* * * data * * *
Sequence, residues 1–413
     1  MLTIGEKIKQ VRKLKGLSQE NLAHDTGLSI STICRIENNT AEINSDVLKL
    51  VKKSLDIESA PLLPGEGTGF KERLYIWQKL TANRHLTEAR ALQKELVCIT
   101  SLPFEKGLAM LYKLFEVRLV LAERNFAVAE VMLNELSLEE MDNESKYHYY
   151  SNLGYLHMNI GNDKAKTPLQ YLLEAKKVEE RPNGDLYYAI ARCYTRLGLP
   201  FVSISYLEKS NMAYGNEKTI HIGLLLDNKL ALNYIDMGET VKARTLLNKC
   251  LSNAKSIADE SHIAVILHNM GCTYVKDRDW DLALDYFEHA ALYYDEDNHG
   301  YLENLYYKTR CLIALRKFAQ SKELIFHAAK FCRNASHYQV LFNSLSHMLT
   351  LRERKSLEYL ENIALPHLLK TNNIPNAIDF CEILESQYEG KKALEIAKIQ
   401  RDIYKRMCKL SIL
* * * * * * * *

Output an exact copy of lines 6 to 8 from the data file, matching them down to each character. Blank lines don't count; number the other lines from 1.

   201  FVSISYLEKS NMAYGNEKTI HIGLLLDNKL ALNYIDMGET VKARTLLNKC
   251  LSNAKSIADE SHIAVILHNM GCTYVKDRDW DLALDYFEHA ALYYDEDNHG
   301  YLENLYYKTR CLIALRKFAQ SKELIFHAAK FCRNASHYQV LFNSLSHMLT